Sex and gender should be included
The authors say that only including one sex in clinical trials and failing to disaggregate results by sex can lead to an increase in the incidence of unwanted side effects among the untested population as a result of overmedication and other factors.
“The investigation of sex differences could provide essential insights into COVID-19 pathophysiology and possibly aid the identification of effective interventions,” say the authors.
The study of gender differences is also warranted, they add. This multidimensional variable that describes identity, norms, and relations between people can affect access to testing, diagnosis, and healthcare and also influence the availability of social and economic support, says the team.
Failing to address the gender factor hinders the ability to reduce inequality in healthcare, promote preventive action, and change the course of infection.
Investigating the inclusion of sex and/or gender
Oertelt-Prigione and colleagues investigated the inclusion of sex and/or gender as an analytical variable in the SARS-C0V-2/COVID-19 trials currently registered on ClinicalTrials.gov.
Characteristics of the included trials. Number of participants and length are mostly anticipated values. Only 83% of the registered trials record facility location. Abbreviation: S/G – sex/gender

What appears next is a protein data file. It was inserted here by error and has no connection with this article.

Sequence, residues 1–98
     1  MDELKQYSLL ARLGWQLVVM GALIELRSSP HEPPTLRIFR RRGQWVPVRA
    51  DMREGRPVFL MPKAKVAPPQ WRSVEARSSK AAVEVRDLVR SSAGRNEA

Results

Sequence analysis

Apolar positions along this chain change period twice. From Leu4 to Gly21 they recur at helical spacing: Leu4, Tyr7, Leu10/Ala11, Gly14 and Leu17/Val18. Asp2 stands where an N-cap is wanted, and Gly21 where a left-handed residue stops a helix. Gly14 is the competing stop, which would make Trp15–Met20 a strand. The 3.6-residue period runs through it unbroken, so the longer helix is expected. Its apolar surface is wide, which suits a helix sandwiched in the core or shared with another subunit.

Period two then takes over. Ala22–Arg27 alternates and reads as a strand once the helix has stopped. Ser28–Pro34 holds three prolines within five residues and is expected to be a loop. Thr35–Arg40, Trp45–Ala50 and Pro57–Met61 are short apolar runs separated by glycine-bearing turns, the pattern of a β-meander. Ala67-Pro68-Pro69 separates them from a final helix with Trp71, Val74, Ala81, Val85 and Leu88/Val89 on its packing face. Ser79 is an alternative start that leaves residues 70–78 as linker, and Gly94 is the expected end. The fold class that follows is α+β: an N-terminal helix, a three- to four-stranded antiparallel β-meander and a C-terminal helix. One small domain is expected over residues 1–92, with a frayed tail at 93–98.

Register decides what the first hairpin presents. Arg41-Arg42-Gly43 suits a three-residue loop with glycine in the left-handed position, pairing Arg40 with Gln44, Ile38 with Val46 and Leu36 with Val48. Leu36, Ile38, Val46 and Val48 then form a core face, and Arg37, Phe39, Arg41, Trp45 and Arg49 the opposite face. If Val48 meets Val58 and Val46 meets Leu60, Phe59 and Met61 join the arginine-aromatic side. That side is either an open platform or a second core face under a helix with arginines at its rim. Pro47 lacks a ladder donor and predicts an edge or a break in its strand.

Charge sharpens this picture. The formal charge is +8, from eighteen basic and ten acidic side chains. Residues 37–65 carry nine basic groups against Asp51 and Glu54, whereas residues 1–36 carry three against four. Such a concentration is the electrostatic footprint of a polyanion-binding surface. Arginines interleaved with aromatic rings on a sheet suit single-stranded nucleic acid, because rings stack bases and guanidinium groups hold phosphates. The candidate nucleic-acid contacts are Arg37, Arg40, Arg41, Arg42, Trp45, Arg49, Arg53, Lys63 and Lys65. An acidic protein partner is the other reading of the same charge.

The team identified 2,484 registered trails, 1,081 of which were observational, and 1,381 were interventional.
Of these registered trials, only 416 (16.7%) included sex and/or gender as a recruitment criterion or recorded variable, and only 103 (4.1%) mentioned sex/gender in the analysis phase.
Seventy-two trials (17.3%) focused only on one sex; 61 studies included females only, and 11 included males only.
Of the 1,381 interventional trials, only 20 planned to include sex as a variable in the analytical phase.
A PubMed search for trials published in scientific journals on June 20th retrieved 11 randomized controlled clinical trials. All of these trials reported on the number of males and females included, but none reported sex-specific analysis of disaggregated results by sex.